Hot cross buns,
Hot cross buns,
One a penny,
Two a penny,
Hot cross buns.
In spite of the solemnity of the Good Friday that is approaching, there is something we can all look forward to, as Easter arrives. That’s right, you guessed it: HOT CROSS BUNS!!! Also known as Easter buns, here’s a little history lesson on these delicious fluffy buns…
What are they, anyway?
A hot cross bun is a buttery, brioche-like bun which is sweet, with a hint of spice, and authentically contains currants or raisins. It authentically has a white cross marked over it and boasts of a shiny, transparent glaze.
Why do we eat them?
Because they are delicious, duh?!
Technically, yes, because why in the world would we if they weren’t?! Traditionally, however, they are eaten to mark the end of Lent, which is the 40 days before Easter Sunday, where dairy is abstained from by practising Christians (and hot cross buns contain dairy).
What is the symbolism?
The bread represent the communion a.k.a the body of Jesus. The spices, the spices Jesus was wrapped with in the tomb. The cross, well, the cross.
What is the history behind it?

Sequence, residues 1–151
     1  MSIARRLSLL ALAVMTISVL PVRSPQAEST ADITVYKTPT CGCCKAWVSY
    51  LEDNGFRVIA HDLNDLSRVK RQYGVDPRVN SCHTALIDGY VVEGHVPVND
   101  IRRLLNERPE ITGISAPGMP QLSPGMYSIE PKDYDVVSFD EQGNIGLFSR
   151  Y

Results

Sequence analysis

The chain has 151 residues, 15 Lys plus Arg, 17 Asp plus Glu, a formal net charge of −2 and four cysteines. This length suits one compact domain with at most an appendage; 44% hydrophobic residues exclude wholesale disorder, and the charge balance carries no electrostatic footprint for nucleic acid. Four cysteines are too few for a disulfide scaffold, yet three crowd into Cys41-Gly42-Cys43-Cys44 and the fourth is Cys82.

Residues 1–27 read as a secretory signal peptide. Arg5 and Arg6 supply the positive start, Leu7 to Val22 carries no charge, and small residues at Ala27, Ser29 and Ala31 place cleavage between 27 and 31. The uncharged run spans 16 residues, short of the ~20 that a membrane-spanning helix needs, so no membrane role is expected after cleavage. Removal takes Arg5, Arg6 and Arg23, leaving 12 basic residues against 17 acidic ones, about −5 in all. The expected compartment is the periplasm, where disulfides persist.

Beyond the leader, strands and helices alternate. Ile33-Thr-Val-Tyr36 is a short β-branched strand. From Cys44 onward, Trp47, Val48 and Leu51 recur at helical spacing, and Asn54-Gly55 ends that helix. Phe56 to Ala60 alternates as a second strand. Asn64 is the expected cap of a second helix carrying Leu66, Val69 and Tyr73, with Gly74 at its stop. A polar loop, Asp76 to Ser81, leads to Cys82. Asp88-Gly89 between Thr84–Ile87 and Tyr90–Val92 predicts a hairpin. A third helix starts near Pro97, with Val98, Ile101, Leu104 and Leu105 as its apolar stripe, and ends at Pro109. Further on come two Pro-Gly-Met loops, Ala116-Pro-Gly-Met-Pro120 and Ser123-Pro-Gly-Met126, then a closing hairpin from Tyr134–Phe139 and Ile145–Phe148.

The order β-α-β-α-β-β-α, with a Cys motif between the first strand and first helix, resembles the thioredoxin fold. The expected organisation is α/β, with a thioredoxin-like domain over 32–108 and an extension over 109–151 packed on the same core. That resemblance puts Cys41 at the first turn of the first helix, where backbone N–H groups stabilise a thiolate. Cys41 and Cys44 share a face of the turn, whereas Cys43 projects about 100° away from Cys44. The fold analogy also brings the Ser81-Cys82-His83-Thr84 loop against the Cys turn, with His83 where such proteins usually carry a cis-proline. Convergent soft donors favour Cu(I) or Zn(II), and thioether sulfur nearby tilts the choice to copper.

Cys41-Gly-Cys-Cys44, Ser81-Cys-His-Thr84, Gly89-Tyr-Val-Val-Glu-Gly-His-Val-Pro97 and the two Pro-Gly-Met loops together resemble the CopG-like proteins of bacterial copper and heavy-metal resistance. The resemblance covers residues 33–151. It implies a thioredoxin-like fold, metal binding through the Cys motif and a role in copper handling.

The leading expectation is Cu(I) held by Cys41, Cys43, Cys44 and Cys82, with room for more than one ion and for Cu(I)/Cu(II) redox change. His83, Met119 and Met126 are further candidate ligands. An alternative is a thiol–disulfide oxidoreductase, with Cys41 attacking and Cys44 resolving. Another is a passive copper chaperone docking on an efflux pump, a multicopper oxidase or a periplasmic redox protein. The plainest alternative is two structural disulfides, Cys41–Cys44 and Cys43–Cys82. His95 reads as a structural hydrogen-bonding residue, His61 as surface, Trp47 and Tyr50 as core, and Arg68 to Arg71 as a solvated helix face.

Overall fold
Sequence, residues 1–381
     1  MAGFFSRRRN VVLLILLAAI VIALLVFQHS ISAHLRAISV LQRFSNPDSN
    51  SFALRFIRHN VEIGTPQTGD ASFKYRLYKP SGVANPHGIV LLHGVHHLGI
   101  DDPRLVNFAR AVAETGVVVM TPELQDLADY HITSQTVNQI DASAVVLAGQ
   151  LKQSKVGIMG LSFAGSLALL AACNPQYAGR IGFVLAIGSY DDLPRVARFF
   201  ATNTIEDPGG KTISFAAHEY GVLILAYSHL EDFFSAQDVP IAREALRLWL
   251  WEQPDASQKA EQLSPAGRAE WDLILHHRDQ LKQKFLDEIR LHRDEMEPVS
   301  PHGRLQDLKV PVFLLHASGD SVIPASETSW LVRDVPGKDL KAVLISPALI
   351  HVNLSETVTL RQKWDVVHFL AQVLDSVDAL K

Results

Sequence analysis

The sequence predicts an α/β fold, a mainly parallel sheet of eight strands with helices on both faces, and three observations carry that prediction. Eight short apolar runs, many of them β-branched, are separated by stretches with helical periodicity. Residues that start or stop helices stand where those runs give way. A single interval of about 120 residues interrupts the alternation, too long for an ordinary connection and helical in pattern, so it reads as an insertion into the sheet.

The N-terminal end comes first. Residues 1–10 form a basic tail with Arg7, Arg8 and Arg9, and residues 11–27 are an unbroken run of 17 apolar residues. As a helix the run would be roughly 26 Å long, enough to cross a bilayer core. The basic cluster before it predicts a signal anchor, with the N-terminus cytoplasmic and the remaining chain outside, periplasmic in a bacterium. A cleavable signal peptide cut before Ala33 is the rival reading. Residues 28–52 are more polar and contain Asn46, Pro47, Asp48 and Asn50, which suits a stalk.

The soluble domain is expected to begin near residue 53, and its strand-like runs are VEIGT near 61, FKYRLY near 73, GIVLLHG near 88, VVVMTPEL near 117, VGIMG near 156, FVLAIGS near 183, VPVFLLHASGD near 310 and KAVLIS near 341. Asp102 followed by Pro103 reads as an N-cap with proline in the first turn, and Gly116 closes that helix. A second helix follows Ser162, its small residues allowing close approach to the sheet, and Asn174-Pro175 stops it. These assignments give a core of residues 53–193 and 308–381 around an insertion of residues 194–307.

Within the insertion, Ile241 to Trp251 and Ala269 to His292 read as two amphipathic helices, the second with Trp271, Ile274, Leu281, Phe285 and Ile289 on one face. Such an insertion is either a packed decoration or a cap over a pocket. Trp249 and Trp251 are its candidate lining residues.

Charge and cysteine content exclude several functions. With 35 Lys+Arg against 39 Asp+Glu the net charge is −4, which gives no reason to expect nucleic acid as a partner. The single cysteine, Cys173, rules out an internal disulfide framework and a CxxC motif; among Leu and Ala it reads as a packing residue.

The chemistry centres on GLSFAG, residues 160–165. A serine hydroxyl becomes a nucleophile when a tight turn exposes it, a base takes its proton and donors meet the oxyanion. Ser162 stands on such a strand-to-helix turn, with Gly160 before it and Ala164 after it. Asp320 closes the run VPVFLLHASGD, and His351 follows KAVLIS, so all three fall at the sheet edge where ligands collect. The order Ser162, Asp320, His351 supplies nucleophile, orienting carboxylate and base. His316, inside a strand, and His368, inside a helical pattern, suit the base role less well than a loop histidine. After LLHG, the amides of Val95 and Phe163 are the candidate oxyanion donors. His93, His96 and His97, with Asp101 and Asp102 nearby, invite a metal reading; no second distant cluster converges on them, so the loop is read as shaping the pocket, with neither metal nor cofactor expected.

There are several references for this. One goes back to the 1700s from The Poor Robin’s Almanac: “Good Friday come this month, the old woman runs. With one or two a penny hot cross buns.” Another goes back to the 14th century, where it is said that a monk from St Albans Abbey by the name of Brother Thomas Rocliffe created these buns and handed them out to the less fortunate on Good Friday.
See, the trouble with tracing down these traditional folk food and their bonafide origins is that no one wrote about them during the early period when they were first created. So the least we could do is to just appreciate and enjoy them!
How are they made?
They are made with strong bread flour which gives them their fluffy yet pleasantly chewy texture, eggs, butter, full-fat milk and yeast. Currants or raisins are then added in along which spices such as cinnamon, and orange zest for its citrusy note.
A paste made with flour and water is then used to draw the mandatory cross. It is baked and afterward brushed with a shiny coat of glaze.
Folklore has it that bread made between Good Friday and Easter will not go mouldy and is a good luck charm to all who consume it.
They can be eaten hot or cold, buttered or dry, basically any way you like, so get yours today!